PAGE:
Ballard’s is a massive beach bar, and because of it’s proximity to the ferry it’s a very popular spot for day trippers. When we walked in it was wall to wall bodies dancing to the DJ at the barn sized inside bar. Then outside the beach was wall to wall bodies lounging on the beach chairs. Women in bikinis and shirtless men where everywhere we looked. We waited a very long time for our overpriced drinks at the bar and walked the beach. Thong bathing suits, apparently, are a thing this year. There were so many women sporting thongs. I offered to fade into the woodwork while Sean, single, would go have a flirt. But I think it was overwhelming. Where do you start in a place like that with so many drunk people in bathing suits everywhere you looked.

We finished our drinks and left Ballard’s just as the police were showing up—state and local. We overheard one say “OK, where’s the guy?” and to this day I do not know what they were looking for. We headed back to the boat and met up with Dennis and Tabitha on the dock. We stepped into the launch and stepped onto our boat.

It was Dennis and Tabitha’s first time seeing our new boat, and it was fun to show it off. I hopped in the shower to wash off the sweat and dust, while everyone else jumped in for a swim. When I got dressed I saw Dennis and Tab eating oysters off the edge of Fiji, and then an old friend showed up in a kayak with his new wife.

I went to high school with John. He was actually my best friend’s boyfriend. We were 15 when Sue started dating John. Her parents didn’t want her going on her own on dates yet, so I went with them. The three of us palled around all summer and into the fall. Eventually Sue and John broke up. John and I are friends on Facebook and we get to see each other’s boating adventures. It was fun to catch up with him, meet his new wife, and of course show off my new boat.

They were honeymooning on Block Island, after just getting married last week. Then their friends from another nearby boat came to pick them up for dinner. Then Todd threw some steaks and chicken on the grill, we sat around the table in the cockpit, ate and laughed.

We had to get our mopeds back by 8 PM. We got ashore at 7:45. Dennis and Tabitha got into a cab and Sean, Todd and I boarded our hogs and headed back to town. I had gotten more comfortable with driving the moped, but there was that one sharp corner by the National Hotel that literally almost killed me.

Sean had explained earlier how to take corners. You slow down when you approach, speed up a little in the corner, and keep your eyes on where you want to end up after the corner. I had successfully done that sequence every corner I took, until this last one.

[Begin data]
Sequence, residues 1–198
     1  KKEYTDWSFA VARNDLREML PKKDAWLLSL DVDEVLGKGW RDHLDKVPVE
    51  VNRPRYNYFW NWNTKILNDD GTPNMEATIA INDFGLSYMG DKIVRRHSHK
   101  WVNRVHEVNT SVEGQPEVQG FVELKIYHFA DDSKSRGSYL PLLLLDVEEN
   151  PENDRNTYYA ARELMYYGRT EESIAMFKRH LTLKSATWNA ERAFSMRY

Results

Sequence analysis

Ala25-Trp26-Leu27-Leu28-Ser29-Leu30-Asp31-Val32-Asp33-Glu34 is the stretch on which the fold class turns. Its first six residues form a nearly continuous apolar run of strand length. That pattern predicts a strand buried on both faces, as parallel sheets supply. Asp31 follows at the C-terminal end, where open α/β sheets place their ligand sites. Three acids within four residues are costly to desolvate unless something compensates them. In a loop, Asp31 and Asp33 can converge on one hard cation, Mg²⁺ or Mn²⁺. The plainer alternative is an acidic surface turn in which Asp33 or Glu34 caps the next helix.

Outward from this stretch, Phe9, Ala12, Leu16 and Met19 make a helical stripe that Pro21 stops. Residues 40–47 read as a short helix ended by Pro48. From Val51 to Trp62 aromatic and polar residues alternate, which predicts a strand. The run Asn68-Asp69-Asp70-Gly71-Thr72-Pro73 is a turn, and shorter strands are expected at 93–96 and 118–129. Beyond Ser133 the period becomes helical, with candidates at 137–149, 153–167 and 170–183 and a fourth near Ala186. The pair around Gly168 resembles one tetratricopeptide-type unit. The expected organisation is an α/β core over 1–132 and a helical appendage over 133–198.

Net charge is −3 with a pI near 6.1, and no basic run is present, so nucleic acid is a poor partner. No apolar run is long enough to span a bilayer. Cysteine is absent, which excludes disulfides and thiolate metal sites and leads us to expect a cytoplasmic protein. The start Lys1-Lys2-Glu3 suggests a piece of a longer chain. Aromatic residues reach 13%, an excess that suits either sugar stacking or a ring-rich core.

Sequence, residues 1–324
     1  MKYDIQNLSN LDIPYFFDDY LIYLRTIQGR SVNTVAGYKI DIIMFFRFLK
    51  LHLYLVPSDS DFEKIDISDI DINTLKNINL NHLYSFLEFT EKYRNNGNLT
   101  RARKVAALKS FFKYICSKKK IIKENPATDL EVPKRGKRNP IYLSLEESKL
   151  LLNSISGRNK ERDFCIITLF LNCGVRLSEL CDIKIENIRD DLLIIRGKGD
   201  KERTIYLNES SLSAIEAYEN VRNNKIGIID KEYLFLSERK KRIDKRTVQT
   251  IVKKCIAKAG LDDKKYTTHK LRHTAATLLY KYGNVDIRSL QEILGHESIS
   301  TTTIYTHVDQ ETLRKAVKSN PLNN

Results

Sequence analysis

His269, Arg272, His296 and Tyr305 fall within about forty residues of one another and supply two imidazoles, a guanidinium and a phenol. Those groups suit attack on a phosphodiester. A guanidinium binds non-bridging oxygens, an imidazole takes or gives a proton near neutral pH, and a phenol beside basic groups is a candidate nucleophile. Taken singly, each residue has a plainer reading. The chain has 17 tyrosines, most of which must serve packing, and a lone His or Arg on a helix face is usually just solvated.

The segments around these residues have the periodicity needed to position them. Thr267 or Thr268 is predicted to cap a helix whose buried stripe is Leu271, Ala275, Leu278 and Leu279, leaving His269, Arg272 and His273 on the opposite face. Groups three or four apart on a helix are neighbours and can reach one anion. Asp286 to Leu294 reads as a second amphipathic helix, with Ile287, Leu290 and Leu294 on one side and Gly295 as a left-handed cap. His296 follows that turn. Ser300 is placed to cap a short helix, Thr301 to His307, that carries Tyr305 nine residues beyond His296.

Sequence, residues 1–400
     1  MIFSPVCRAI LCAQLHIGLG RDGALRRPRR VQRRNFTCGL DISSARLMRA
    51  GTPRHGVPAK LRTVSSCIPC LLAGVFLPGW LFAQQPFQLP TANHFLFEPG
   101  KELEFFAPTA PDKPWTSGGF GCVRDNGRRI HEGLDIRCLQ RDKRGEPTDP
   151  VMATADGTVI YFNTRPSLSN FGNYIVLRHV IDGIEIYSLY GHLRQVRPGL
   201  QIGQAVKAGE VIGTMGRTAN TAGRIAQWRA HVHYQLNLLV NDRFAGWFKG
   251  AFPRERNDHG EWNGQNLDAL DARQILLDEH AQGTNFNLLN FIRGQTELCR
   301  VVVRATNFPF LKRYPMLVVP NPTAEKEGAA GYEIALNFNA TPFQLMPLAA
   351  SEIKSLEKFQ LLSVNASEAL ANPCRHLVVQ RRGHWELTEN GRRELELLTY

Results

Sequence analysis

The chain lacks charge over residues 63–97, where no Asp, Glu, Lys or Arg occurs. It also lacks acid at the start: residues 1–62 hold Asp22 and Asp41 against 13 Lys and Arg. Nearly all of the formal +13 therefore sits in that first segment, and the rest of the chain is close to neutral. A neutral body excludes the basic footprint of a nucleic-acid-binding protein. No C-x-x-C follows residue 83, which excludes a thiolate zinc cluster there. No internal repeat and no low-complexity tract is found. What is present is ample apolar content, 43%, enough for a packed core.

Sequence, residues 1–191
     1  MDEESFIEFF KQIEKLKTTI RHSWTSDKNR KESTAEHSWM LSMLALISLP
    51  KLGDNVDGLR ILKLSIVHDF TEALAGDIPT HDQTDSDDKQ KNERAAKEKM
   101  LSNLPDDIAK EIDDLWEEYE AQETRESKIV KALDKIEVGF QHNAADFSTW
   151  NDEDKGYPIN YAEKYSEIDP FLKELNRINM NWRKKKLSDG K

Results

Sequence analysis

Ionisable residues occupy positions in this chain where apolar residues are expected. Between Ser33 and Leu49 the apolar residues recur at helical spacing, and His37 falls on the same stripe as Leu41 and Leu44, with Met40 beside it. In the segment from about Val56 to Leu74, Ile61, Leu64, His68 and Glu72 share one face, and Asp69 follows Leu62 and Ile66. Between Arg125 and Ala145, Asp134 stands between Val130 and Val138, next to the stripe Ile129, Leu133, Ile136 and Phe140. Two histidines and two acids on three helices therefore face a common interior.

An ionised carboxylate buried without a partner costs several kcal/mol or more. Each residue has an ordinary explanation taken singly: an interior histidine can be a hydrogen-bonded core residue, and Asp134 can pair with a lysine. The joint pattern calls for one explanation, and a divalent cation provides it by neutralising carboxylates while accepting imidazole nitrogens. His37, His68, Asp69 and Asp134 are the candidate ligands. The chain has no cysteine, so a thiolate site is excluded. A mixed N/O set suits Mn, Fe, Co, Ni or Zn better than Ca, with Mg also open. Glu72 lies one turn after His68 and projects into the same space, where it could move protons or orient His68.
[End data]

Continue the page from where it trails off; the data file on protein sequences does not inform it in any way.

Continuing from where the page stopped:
I am not sure what happened. I went to slow, or too fast, or something. But I ended up not turning at all because I felt like I was going to fall over. I ended up going straight across the street and crossing the path of a white van. I was terrified thinking I would end up colliding with the grill of the van. I stopped on the other side of the street to collect my thoughts, and the driver of the van just sat and stared at me. He was in a position where I had no room to move to get back on course. But he just sat there and stared at me. Finally I convinced him to move so I could get back on my side of the street. Adrenaline tingled in my hands and legs as I inched my way back to the moped stand. Sean saw the whole thing and asked me what happened, and I was a bit too freaked out to explain what happened.

We returned the bikes, met up with Dennis and Tab and headed to the beach bar behind the Surf Hotel. This is a new spot, and it was a peaceful little bar right on the beach where we killed time until we headed over to Club Soda to see a band.

We learned that the launch would stop running at 10:45 but the band wasn’t going to start until 10. We hung out and only managed to hear a few songs before our taxi arrived. We all piled in and headed back to the boat to sleep.

Friday July 5, 2019
We had a bit of breakfast and saw Dennis and Tab off the boat. We woke to fog and waited a bit for it to lift. It didn't lift. In fact it got even thicker.

We pulled up our anchor and made our way out of the Great Salt Pond. The fog was still so thick that we only had about 1/8 of a mile visibility around the boat. Sean and I sat out on the bow and kept watch while Todd watched the radar screen for oncoming boats. We rode that way all the way to the mainland. The sun shone from above but the fog around us on the surface of the water still remained thick. It was creepy to see the boats near us barely come into view and then slip away again into the thick fog. This is what the fog looked like for the entire trip from Block Island to the mainland.

BJ Knapp author of Beside the Music sailed her catamaran 1,213 miles

It finally lifted when we got to the Jamestown Bridge, we put up the sails and rode the wind and the tide all the way up the bay to Greenwich Bay, where we took the sails down and motored our way to our mooring. Todd dropped me off at the dock where I picked up the dive boat while he and Sean picked up the mooring lines and got us tied up.

In total we traveled 1,213 miles end to end.

BJ Knapp author of Beside the Music sailed her catamaran 1,213 miles

BJ Knapp is the author of Beside the Music, available for purchase here. Please sign up for the Backstage with BJ Knapp mailing list to get updates on events, signings, dog pictures and so much more.

BJ Knapp is the author of Beside the Music, available for purchase here. Please sign up for the Backstage with BJ Knapp mailing list to get updates on events, signings, dog pictures and so much more.